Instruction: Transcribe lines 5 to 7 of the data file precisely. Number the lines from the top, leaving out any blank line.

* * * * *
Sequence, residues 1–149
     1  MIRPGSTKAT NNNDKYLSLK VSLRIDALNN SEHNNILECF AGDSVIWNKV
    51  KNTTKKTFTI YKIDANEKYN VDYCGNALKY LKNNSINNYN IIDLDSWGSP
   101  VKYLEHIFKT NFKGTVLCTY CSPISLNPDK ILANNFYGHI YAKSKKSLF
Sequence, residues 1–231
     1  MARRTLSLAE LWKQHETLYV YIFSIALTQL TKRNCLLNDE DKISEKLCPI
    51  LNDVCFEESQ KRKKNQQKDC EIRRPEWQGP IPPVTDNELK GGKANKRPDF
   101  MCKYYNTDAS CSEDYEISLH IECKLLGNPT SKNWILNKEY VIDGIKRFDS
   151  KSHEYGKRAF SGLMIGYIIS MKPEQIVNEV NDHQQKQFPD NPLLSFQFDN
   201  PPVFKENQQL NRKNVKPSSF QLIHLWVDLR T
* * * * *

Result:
Sequence, residues 1–231
     1  MARRTLSLAE LWKQHETLYV YIFSIALTQL TKRNCLLNDE DKISEKLCPI
    51  LNDVCFEESQ KRKKNQQKDC EIRRPEWQGP IPPVTDNELK GGKANKRPDF